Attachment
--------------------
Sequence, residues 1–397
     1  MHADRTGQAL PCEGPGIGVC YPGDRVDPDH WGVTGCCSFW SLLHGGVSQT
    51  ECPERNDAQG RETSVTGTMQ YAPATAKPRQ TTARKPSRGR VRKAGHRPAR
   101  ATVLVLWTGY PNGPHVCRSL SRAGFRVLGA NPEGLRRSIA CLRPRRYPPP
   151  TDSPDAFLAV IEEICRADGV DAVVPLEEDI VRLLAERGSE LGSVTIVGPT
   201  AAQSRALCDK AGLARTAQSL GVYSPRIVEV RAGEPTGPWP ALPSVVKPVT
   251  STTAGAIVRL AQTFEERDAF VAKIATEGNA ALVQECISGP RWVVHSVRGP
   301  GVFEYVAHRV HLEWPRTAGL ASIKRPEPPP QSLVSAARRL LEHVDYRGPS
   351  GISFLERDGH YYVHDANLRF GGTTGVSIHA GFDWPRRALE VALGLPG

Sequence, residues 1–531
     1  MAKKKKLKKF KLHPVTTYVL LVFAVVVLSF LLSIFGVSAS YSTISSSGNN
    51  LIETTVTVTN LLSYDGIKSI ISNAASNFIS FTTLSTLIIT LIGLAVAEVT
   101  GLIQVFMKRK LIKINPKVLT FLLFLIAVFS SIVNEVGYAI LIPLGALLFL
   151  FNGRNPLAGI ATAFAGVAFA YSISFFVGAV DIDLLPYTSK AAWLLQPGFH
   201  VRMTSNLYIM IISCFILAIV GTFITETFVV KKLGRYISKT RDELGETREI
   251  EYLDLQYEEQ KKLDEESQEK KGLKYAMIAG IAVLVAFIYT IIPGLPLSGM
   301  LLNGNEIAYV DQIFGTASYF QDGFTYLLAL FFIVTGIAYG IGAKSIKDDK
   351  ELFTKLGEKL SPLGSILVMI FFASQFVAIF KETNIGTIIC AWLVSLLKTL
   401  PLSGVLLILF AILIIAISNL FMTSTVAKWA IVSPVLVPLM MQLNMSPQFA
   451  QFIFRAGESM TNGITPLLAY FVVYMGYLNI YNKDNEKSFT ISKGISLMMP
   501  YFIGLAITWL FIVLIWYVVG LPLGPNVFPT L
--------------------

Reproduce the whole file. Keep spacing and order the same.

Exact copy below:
Sequence, residues 1–397
     1  MHADRTGQAL PCEGPGIGVC YPGDRVDPDH WGVTGCCSFW SLLHGGVSQT
    51  ECPERNDAQG RETSVTGTMQ YAPATAKPRQ TTARKPSRGR VRKAGHRPAR
   101  ATVLVLWTGY PNGPHVCRSL SRAGFRVLGA NPEGLRRSIA CLRPRRYPPP
   151  TDSPDAFLAV IEEICRADGV DAVVPLEEDI VRLLAERGSE LGSVTIVGPT
   201  AAQSRALCDK AGLARTAQSL GVYSPRIVEV RAGEPTGPWP ALPSVVKPVT
   251  STTAGAIVRL AQTFEERDAF VAKIATEGNA ALVQECISGP RWVVHSVRGP
   301  GVFEYVAHRV HLEWPRTAGL ASIKRPEPPP QSLVSAARRL LEHVDYRGPS
   351  GISFLERDGH YYVHDANLRF GGTTGVSIHA GFDWPRRALE VALGLPG

Sequence, residues 1–531
     1  MAKKKKLKKF KLHPVTTYVL LVFAVVVLSF LLSIFGVSAS YSTISSSGNN
    51  LIETTVTVTN LLSYDGIKSI ISNAASNFIS FTTLSTLIIT LIGLAVAEVT
   101  GLIQVFMKRK LIKINPKVLT FLLFLIAVFS SIVNEVGYAI LIPLGALLFL
   151  FNGRNPLAGI ATAFAGVAFA YSISFFVGAV DIDLLPYTSK AAWLLQPGFH
   201  VRMTSNLYIM IISCFILAIV GTFITETFVV KKLGRYISKT RDELGETREI
   251  EYLDLQYEEQ KKLDEESQEK KGLKYAMIAG IAVLVAFIYT IIPGLPLSGM
   301  LLNGNEIAYV DQIFGTASYF QDGFTYLLAL FFIVTGIAYG IGAKSIKDDK
   351  ELFTKLGEKL SPLGSILVMI FFASQFVAIF KETNIGTIIC AWLVSLLKTL
   401  PLSGVLLILF AILIIAISNL FMTSTVAKWA IVSPVLVPLM MQLNMSPQFA
   451  QFIFRAGESM TNGITPLLAY FVVYMGYLNI YNKDNEKSFT ISKGISLMMP
   501  YFIGLAITWL FIVLIWYVVG LPLGPNVFPT L